Sotheby’s Bounces Back, With Twombly and Bacon Leading a $242M Sale

Francis Bacon's Two Studies For A Self-Portrait.

Francis Bacon’s Two Studies For A Self-Portrait. Estate of Francis Bacon/ ARS

After a disappointing start to the week, when the evening auction of Impressionist and modern art sold only two-thirds of its offerings while failing to meet its pre-sale expectations, Sotheby’s bounced back last night with a steady sale of contemporary art that totaled $242.2 million, with only two of it 44 lots not finding buyers—the house’s best sell through rate since November 2009.

The sale got off to a good start with the first 13 pieces selling above the low estimates. Adrian Ghenie’s 2012 painting Self-Portrait as Vincent Van Gogh, which was estimated to sell between $200,000 and $300,000, soared to $2.6 million, and the evening’s first applause.

Soon after, Alexander Calder’s 1942 standing mobile doubled its high estimate of $4 million, attracting a flurry of bids and selling for $8.3 million. The small metal sculpture with hanging shards of colored glass had been a gift from the artist to Alfred H. Barr, Jr., the first director of the Museum of Modern Art.

An untitled Alexander Calder.

An untitled Alexander Calder. Courtesy of Sotheby's

The two big-ticket items of the evening were the 1970 Francis Bacon painting Two Studies for a Self-Portrait, which sold for $35 million against a low estimate of $22 million, and the 1968 Cy Twombly canvas Untitled (New York City), which was estimated to sell at $40 million and nearly reached it, going for $36.7 million.

The small Bacon diptych, which had first been exhibited in the artist’s acclaimed 1971 retrospective at the Grand Palais in Paris, was from the private collection of a British family who had owned it for 46 years, while the medium-scaled Twombly painting of looping blue lines on a grey ground had been acquired by the seller directly from the artist’s studio in 1968.

Another coveted painting in the sale was Sam Francis’s 1957 abstraction Summer #1. A colorful combination of poured paint that was allowed to drip down the canvas, the work increased in value at $50,000 pops, in what auctioneer Oliver Barker called “tenacious bidding,” until it was won for $11.8 million by mega-art-collector Eli Broad, who just opened his own museum of contemporary art in Los Angeles.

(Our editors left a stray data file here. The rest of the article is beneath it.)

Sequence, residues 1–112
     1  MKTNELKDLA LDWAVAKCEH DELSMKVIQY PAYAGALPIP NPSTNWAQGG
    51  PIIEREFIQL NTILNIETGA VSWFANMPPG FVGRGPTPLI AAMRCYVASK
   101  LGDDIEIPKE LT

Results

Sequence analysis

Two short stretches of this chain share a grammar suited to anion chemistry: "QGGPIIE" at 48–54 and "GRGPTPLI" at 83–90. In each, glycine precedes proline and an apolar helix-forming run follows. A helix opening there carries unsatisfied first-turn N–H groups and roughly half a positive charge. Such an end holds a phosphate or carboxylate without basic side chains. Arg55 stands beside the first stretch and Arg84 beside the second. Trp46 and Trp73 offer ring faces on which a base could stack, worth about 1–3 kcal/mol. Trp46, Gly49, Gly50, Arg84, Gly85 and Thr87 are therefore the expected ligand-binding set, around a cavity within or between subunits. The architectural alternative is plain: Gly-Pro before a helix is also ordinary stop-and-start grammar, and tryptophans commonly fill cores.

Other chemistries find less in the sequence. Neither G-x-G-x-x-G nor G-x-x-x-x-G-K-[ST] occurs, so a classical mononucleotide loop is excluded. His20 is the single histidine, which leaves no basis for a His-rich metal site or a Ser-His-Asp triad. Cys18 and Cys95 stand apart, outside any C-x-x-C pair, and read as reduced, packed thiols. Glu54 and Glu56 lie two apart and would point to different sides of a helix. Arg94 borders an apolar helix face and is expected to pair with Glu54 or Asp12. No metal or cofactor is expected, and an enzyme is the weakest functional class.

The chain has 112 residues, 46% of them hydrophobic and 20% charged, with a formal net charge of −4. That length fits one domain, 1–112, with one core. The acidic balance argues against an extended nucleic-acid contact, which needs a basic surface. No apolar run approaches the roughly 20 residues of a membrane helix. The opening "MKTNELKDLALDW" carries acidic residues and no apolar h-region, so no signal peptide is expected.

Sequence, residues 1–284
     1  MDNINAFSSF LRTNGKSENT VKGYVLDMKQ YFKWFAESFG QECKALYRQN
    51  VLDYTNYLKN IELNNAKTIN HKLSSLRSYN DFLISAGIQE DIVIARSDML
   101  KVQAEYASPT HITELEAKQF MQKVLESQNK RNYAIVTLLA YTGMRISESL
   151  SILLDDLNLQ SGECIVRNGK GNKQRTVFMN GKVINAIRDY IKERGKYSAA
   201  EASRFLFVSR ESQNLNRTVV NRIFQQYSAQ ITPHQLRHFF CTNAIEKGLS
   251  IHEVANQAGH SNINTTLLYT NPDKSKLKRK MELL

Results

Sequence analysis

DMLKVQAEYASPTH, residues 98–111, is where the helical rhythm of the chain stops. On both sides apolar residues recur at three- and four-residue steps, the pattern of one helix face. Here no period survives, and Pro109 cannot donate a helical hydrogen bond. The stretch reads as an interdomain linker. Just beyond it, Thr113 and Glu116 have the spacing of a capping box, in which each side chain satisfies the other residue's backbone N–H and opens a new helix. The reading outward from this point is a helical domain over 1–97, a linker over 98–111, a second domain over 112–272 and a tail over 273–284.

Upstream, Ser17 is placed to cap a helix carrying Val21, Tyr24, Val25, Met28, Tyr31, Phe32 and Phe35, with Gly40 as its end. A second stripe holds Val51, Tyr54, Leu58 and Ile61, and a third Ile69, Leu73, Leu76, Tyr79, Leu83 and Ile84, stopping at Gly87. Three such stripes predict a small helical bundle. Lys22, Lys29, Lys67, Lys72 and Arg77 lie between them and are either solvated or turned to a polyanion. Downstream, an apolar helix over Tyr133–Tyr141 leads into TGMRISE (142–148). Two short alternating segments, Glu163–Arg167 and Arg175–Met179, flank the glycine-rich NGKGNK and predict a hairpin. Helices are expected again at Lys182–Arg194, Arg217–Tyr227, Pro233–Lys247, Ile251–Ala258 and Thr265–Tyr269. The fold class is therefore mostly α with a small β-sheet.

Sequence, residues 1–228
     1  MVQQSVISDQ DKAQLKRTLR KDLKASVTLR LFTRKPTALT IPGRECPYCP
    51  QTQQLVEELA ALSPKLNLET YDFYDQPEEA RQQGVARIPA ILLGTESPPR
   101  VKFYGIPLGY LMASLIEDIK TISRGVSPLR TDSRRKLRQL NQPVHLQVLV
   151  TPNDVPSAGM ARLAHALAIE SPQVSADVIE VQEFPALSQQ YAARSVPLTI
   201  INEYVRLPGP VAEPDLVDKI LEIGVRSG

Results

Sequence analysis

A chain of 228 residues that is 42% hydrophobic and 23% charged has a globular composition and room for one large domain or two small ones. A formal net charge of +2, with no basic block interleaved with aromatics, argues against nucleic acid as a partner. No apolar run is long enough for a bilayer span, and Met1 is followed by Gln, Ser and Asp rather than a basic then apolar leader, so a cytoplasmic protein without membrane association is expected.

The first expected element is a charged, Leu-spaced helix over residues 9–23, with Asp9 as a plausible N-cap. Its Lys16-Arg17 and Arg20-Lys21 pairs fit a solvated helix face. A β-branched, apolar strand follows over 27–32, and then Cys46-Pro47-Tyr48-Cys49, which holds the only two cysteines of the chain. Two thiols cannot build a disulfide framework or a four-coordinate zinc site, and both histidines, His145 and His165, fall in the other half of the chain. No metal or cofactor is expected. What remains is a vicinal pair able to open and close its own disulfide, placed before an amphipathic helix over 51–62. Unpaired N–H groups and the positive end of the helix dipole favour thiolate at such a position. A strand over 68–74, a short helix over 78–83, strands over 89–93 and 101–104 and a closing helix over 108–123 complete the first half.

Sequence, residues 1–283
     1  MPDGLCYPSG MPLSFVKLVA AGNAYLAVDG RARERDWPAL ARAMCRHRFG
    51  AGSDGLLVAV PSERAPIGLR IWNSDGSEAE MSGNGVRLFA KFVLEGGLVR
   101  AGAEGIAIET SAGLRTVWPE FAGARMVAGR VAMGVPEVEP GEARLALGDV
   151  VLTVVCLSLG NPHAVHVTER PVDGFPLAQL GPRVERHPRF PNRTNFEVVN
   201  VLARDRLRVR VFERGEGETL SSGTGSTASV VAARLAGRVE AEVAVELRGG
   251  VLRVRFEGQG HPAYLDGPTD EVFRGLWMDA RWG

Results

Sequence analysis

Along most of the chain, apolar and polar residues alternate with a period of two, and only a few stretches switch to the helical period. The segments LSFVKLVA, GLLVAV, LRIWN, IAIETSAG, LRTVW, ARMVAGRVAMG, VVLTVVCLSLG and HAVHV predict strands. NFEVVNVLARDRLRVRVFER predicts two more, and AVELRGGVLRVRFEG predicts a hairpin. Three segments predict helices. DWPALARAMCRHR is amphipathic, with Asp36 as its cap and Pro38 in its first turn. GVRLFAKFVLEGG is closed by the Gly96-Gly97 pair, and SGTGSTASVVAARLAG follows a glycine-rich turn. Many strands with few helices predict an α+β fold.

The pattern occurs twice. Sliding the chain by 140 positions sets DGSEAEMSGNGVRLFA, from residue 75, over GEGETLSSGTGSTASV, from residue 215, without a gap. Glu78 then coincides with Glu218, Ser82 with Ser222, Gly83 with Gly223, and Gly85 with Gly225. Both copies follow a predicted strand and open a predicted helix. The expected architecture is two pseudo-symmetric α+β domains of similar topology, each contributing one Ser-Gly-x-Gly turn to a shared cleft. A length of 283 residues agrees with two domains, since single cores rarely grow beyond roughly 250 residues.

That kind of persistent bidding showed an overall confidence in the contemporary art market, despite recent talk of an impending correction. When asked about the high level of incremental bidding on the evening’s offerings, Sotheby’s head of contemporary art Grégoire Billault told the Observer, “We’re here to please the consigner. $50,000 can look small [next] to $10 million, but it’s still a lot of money. When the room is asking us to do smaller, we do smaller. It’s a game we have to play.”

The game worked with Japanese fashion mogul Yusaku Maezawa, who beat out other bidders to take home Christopher Wool’s big 1990 painting Chameleon for $13.9 million, right near it’s low estimate of $14 million. The buyer of five major artworks at Christie’s contemporary sale the previous night, including the Jean-Michel Basquiat canvas that sold for a record $57.3 million, Mr. Maezawa also added the aforementioned Ghenie painting to his growing collection.

Cy Twombly's Untitled (New York City).

Cy Twombly’s Untitled (New York City). Courtesy Sotheby's

Sam Francis and Christian Marclay, whose 1990 Boneyard installation of 750 cast telephone receivers sold for $550,000, hit records for their work at auction, but the overlooked sensation of the evening was the fevered action surrounding the two Jean Dubuffet works for sale. His 1956 collage painting Georges Dubuffet au Jardin sold early in the auction for $3.25 million, well above its high estimate of $2 million, and his 1954 canvas of a cow, Vache à l’herbage, fetched $4.9 million (estimate $3-4 million) after brisk bidding in a thinned-down room toward the auction’s end.

When quizzed after the sale about the French artist’s renewed popularity (there’s currently a retrospective of his work at the Beyeler Foundation in Switzerland), Sotheby’s European head of contemporary art Alex Branczik, told us, “After Picasso, Dubuffet is one of the most important European artists of the last century. If you look at the young artists today, there’s a return to abstract figuration, as opposed to the conceptual-based process abstraction that we’ve been seeing for the past few years, and if you look back historically for the reference point for that it’s absolutely Dubuffet.”

Christie’s concludes the spring sales in New York with the Impressionist and modern evening auction tonight.

Sotheby’s Bounces Back, With Twombly and Bacon Leading a $242M Sale